Translation:My girlfriend cannot cook, but she eats a lot.
I'm relating to Slovak language, and I think 'though' should be right, too. For me 'although' sounds like marking the first fact: She eats a lot - and hasn't learnt to cook anyway. While 'zato' in Slovak means more like She can't cook, but she still eats a lot. The meaning is slightly different when you switch the order of sentences, at least for me. But maybe I'm completely wrong, could a Russian speaker explain us? :D
But you need to be careful; the english grammar often "requires" (though it is non-mandatory) a semi-colon there: "When you use however in the middle of a sentence to separate two clauses, it is usually separated with a semicolon and a comma (... ;however,…). Many modern writers use a comma instead of the semicolon, but the semicolon is still regarded as more correct." - http://www.onlinegrammar.com.au/however-commas-or-semicolons/
"But" seems to me like a better and simpler option.
Девушка - a young woman, maiden, lass.
Подруга - a girlfriend (a female friend).
Both words can be used in the sense of a date, lover, just as girlfriend can be used in the sense of just a friend, and more than a friend. Though девушка is used in that sense more often than подруга (unlike English).
Wait so I thought that зато was used when you have a negative statement followed by a positive one that "makes up for" the negative statement. In this sentence, it's two negatives (well, I guess the second one is up to interpretation, but whatever lol) joined by зато. Is this just another usage of the conjunction, or am I missing something here? Thanks in advance :)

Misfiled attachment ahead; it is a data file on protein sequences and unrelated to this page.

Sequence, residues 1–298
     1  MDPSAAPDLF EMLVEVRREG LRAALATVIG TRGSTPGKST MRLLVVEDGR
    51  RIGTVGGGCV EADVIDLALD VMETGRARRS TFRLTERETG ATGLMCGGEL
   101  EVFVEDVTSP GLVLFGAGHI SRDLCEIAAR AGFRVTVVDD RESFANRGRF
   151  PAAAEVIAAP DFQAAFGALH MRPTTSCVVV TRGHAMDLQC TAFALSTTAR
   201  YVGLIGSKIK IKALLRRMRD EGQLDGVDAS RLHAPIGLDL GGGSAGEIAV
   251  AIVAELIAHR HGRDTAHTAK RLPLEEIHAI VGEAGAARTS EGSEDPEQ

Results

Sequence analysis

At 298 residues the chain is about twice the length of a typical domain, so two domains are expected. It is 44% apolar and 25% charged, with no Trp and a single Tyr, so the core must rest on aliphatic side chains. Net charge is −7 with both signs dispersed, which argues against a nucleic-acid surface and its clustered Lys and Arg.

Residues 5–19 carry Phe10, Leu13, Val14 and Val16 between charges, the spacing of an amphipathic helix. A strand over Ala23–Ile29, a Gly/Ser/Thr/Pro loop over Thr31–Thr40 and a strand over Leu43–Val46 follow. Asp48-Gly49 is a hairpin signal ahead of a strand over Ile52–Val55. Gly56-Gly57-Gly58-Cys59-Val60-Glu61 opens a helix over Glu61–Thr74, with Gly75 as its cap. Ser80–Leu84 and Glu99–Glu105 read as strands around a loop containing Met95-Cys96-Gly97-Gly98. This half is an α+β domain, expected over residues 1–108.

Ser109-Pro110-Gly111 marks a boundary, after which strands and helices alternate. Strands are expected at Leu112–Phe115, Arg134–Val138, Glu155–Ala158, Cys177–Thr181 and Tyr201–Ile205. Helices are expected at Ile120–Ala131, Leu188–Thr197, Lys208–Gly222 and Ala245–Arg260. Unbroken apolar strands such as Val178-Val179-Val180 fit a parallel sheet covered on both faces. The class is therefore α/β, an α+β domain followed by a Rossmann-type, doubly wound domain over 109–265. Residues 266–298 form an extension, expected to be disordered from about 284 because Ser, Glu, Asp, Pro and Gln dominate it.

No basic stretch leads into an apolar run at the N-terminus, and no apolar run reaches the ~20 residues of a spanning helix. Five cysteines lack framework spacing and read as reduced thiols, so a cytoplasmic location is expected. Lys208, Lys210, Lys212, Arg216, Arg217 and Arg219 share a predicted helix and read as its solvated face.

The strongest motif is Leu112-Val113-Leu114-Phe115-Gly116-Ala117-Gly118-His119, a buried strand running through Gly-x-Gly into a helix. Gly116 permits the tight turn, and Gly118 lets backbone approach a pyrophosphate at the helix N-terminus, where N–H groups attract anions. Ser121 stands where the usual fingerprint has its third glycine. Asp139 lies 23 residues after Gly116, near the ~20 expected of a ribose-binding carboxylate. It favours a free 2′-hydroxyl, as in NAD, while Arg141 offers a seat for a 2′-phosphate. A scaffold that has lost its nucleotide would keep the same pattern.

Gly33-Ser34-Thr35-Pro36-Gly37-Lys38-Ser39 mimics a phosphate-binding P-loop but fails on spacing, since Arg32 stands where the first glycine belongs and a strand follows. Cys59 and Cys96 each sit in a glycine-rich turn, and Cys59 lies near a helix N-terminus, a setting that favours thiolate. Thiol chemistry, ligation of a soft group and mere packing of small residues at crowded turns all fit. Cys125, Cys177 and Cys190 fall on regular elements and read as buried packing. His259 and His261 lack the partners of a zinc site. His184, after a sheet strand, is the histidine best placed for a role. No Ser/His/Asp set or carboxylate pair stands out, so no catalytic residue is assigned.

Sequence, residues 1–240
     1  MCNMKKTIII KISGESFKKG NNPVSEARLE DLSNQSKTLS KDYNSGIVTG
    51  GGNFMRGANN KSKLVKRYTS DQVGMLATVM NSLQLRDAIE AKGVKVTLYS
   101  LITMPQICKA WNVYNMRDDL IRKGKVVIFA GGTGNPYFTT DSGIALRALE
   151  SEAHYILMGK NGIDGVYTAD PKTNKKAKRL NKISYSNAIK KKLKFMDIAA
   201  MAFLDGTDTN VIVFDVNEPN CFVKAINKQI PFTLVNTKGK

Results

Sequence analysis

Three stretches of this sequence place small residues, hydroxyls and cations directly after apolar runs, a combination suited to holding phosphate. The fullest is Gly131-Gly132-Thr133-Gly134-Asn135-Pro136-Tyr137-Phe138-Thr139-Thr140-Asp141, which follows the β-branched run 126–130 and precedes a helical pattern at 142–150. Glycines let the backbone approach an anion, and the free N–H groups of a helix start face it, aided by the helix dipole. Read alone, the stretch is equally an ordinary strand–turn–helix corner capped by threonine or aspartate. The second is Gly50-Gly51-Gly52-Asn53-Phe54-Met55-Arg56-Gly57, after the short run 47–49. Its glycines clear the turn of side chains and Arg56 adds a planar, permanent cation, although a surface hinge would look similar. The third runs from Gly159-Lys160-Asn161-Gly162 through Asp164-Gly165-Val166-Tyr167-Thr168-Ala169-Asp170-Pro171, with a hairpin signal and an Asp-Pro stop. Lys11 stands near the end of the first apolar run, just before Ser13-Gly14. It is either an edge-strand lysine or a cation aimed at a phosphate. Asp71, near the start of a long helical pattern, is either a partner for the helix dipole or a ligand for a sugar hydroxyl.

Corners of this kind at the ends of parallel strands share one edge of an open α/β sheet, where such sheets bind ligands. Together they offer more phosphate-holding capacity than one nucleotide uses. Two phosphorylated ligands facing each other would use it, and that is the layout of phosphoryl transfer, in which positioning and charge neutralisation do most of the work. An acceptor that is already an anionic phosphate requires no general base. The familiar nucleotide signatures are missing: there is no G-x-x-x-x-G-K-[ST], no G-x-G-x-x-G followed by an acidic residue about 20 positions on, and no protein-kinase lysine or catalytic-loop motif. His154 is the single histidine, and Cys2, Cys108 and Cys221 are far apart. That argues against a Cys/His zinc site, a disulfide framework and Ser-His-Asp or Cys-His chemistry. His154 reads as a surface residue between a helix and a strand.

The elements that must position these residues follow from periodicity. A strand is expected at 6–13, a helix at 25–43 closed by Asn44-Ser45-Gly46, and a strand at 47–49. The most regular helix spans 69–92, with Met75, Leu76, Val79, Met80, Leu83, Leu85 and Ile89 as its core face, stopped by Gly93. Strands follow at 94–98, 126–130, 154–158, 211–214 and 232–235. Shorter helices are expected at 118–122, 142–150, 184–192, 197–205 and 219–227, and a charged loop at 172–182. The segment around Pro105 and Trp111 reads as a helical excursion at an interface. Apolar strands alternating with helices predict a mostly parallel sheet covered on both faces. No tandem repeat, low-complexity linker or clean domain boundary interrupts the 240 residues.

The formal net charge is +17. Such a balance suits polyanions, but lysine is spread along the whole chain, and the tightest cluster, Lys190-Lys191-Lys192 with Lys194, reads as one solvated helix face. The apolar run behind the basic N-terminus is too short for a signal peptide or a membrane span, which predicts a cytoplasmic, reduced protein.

Since no one more articulate in the tongue has deigned to respond to your query, Friend howlingmadpanda, I will attempt to assist. With the forewarning that I am not fluent in Russian and the ravages of senescence have left their mark on my powers of recollection, I seem to recall once reading the following rule regarding your question. If you encounter the letter combinations “егo” or “огo” AND the vowel preceding the letter “г” (in this case, “е” or “о”) is NOT stressed, the letter “г” is then pronounced as a “в”. Otherwise, the “г” is pronounced as a “г”. Once again, do not take this as gospel (i.e., an unquestionable truth), but in my limited experience it seems to hold true. I invite someone with a mastery of the language to enlighten us both.
Very few, there is a small team of developers who work on the technical side of all courses, there are less than 50 of them. And then there are incubator teams of volunteers which develop language courses, normally less than 10 people per course. As much as I know in terms of money Duolingo still doesn't bring any profits. They tried to sell translations, now they sell language tests.